In this section we will document simulations performed on the College Msg Core dataset (details below). In particular, we assess the worst-case scenario of a server with access to a sender-oracle (i.e. able to attribute tags to a particular sender) to understand how much information is leaked by fuzzytags without appropriate deployment mitigations.
Nodes 1899 Temporal Edges 59835 Time span 193 days
Pietro Panzarasa, Tore Opsahl, and Kathleen M. Carley. "Patterns and dynamics of users' behavior and interaction: Network analysis of an online community." Journal of the American Society for Information Science and Technology 60.5 (2009): 911-932.
Setup: 20k events (7330 links). False positive rates: [0.007812, 0.5]. No entangling.
Result: Server can identify ~4.3% of original graph (313 links) with a 12% false positive rate at threshold: 0.0001.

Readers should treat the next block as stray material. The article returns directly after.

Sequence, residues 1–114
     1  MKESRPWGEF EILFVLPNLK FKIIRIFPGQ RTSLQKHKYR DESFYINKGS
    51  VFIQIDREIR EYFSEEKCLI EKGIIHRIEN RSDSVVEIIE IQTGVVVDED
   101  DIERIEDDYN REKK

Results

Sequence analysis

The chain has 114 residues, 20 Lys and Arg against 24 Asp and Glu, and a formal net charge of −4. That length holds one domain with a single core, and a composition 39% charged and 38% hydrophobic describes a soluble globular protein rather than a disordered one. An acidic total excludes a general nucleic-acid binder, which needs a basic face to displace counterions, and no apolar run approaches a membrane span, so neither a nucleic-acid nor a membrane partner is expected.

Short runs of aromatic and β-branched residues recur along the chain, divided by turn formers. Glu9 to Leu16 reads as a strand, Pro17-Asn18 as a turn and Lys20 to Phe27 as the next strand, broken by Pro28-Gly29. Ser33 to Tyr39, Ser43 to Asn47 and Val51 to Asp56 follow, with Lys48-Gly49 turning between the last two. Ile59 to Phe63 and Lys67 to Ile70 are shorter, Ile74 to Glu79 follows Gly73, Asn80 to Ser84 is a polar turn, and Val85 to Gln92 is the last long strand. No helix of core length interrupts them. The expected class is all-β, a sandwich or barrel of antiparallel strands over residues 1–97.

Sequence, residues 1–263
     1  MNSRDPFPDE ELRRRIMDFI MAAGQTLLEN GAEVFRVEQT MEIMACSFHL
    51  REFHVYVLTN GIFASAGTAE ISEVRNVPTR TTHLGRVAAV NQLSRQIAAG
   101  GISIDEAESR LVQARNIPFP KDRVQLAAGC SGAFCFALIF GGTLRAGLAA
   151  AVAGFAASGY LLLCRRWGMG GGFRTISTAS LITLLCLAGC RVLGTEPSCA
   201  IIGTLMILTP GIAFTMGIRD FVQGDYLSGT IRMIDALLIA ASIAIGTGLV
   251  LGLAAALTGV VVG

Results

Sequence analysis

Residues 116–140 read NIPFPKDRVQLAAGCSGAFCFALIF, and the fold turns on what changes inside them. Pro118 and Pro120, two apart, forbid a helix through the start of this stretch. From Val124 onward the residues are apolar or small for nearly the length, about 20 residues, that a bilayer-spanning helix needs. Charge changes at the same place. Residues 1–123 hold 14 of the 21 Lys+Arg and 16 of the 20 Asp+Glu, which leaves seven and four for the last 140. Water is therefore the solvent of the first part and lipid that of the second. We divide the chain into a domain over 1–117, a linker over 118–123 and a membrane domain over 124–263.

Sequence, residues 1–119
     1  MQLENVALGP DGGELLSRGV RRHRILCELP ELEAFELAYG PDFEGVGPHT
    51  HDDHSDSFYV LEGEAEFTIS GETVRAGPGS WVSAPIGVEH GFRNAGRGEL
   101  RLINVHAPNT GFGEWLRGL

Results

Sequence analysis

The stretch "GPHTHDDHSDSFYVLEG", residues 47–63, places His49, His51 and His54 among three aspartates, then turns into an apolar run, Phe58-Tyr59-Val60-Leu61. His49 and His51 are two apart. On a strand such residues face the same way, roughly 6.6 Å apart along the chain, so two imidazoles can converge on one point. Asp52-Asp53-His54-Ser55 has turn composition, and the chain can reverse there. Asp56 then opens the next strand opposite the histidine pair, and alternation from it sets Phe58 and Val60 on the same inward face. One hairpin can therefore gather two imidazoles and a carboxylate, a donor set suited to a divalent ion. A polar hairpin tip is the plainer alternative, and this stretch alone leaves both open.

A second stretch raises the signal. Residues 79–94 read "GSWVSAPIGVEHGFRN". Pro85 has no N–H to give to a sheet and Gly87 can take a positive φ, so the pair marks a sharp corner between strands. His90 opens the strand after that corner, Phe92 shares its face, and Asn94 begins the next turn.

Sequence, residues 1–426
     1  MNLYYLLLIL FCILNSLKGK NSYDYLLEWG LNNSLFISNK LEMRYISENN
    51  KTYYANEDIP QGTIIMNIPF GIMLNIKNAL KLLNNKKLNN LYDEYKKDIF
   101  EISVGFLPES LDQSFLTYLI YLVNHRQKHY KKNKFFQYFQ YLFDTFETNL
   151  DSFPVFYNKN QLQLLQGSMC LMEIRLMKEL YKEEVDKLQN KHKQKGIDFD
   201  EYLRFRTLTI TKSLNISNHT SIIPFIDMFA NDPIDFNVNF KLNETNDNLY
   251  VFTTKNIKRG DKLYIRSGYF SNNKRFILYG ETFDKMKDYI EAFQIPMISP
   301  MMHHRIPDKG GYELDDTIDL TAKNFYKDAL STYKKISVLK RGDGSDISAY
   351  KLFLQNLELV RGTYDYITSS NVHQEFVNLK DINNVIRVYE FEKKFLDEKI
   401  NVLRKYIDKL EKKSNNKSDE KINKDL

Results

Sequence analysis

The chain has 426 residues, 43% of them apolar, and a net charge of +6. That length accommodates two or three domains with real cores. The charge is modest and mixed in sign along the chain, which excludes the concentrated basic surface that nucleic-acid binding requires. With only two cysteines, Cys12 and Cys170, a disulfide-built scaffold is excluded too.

Setup: 20k events (7330 links). False positive rates: [0.007812, 0.5]. Every tag entangled to one random node (as before).
Result: Server can identify ~3.95% of original graph (290 links) with a ~15% false positive rate.
A very similar result to our observations on the EU Core email dataset, entangled tags increase the false positive rate, although overall it requires non-naive entangling strategies to push the false positive rate of the derived graph to a place where it would not be useful for an adversary.